- County Fair (1997) – contains stories from Farmer Boy
- Christmas in the Big Woods (1995) – contains stories from Little House in the Big Woods
- Dance at Grandpa’s (1994) – contains stories from Little House in the Big Woods
- The Deer in the Wood (1995) – contains stories from Little House in the Big Woods
- A Farmer Boy Birthday (1998) – contains stories from Farmer Boy
- Going to Town (1995) – contains stories from Little House in the Big Woods
- Going West (1996) – contains stories from Little House on the Prairie
- A Little House Birthday (1997) – contains stories from Little House in the Big Woods
- A Little Prairie House (1999) – contains stories from Little House on the Prairie
- Prairie Day (1997) – contains stories from Little House on the Prairie
- Sugar Snow (1998) – contains stories from Little House in the Big Woods
- Summertime in the Big Woods (1996) – contains stories from Little House in the Big Woods
- Winter Days in the Big Woods (1994) – contains stories from Little House in the Big Woods
- Winter on the Farm (1996) – contains stories from Farmer Boy
- Winter Tales (1994) – (a compilation of Winter Days in the Big Woods, Christmas in the Big Woods, and Dance Grandpa’s)
Ironically, Watching Little House
Traditionally, if we read a book that has been adapted into a quality film, we follow the reading with a movie night, but, sadly, no one has made a film adaptation of Little House in the Big Woods. We’ll have to wait until we read Little House on the Prairie to watch a film. (I realize the irony of watching a family struggle on the prairie while we sit on the couch and eat popcorn.) I think when that time arrives we will opt to show the 2005 mini series to the boys. As much as my own mother loved Michael Landon and my sister grew up watching the 1970s TV series, the book lover in me prefers a more faithful adaptation.
Not Just for Girls
If you are familiar with my family or this blog, you already know that we are a family full of boys. Dear Husband and I have three sons, to be exact, so you may be surprised that we enjoyed Little House in the Big Woods so much.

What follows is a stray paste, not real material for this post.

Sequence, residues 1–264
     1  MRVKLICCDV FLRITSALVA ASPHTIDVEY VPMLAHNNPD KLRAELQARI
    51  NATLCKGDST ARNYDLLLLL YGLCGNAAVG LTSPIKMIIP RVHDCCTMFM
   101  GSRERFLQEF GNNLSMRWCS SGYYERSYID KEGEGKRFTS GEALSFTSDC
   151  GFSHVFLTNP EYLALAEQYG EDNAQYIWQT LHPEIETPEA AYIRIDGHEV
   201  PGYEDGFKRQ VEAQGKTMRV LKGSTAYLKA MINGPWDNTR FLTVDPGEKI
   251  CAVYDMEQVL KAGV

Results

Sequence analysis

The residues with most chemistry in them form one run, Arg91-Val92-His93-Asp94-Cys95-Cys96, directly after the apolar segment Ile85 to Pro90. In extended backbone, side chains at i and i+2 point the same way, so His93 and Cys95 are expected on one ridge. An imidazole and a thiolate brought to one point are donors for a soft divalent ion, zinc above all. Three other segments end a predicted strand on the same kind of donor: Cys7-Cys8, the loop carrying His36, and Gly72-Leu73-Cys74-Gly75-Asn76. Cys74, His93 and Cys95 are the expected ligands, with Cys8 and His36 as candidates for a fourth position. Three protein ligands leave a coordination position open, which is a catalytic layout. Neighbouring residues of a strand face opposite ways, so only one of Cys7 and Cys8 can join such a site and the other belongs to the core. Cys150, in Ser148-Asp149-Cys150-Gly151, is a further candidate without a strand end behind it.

I have heard some families lament that they could not connect well with the Little House series for various reasons, such as lengthy descriptive language, dated racist language or motives (Ma Ingalls is very afraid of “Indians”), or incidents of animal cruelty (hunting). These are common obstacles to be overcome in many books. But, one reason I hear frequently is that the narrator (Laura) is a girl. I would like to take this time to encourage families containing several boys that this series is more than what it appears. Literally, judging these books by their covers (prominently featuring girls) would be a mistake. Yes, Laura is the narrator of the books, but she is not particularly overtly feminine. In addition to being a tom boy, Laura greatly admires both of her parents, and Pa Ingalls is very much a main character in every book.
As a boy-mom, I know sometimes it can be a struggle to get my sons excited to read “a book about a girl,” but if you’re in the same boat I challenge you to give it a shot and employ whatever methods of diversion you need to sneak past the fact that these are often labeled “girl books.” This series describing frontier life is too important and too well written to be missed. My boys lovingly referred to “Big Woods” as “The Adventures of Pa in the Big Woods.” I conveniently did not show them the book cover or take them to a prairie dress pageant. 😉
I hope you’ll join us on our Little House Journey. I can’t promise that we will speed through the books (because we have other books on our hit list), but I do plan to blog about our experiences.
Until next week (or so).
- Black Beauty by Anna Sewell (family read aloud)
- Pinocchio by Carlo Collodi (AO free read with L6)
- Different: The Story of an Outside-the-Box Kid and the Mom Who Loved Him by Sally Clarckson and Nathan Clarkson
Moderately challenging books:
- The Plantagenets: The Warrior Kings and Queens Who Made England by Dan Jones
A Raisin in the Sun by Lorraine Hansberry (for my co-op class)
A Connecticut Yankee In King Arthur’s Court by Mark Twain (for my co-op class)
- Gilead by Marilynne Robinson (reading with CiRCE Institute’s Close Reads podcast)
- Mind to Mind: An Essay Towards a Philosophy of Education by Karen Glass
- For the Children’s Sake: Foundations of Education for Home and School by Susan Schaeffer Macaulay in conjunction with Brandy Vencel’s Start Here study (for my CM study group)